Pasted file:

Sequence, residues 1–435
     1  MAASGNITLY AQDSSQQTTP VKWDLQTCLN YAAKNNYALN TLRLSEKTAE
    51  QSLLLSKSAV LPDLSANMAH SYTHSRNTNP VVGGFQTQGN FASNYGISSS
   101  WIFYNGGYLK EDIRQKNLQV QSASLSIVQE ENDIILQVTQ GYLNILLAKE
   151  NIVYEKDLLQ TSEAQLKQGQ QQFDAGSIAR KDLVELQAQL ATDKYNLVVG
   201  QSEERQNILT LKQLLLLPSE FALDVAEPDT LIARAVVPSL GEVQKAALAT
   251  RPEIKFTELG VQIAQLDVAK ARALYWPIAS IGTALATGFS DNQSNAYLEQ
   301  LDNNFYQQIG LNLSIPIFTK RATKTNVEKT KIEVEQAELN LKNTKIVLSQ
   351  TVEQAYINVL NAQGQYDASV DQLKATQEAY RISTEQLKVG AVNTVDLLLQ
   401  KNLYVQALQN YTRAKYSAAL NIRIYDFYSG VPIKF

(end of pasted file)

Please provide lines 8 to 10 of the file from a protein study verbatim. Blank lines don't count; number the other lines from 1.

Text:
   301  LDNNFYQQIG LNLSIPIFTK RATKTNVEKT KIEVEQAELN LKNTKIVLSQ
   351  TVEQAYINVL NAQGQYDASV DQLKATQEAY RISTEQLKVG AVNTVDLLLQ
   401  KNLYVQALQN YTRAKYSAAL NIRIYDFYSG VPIKF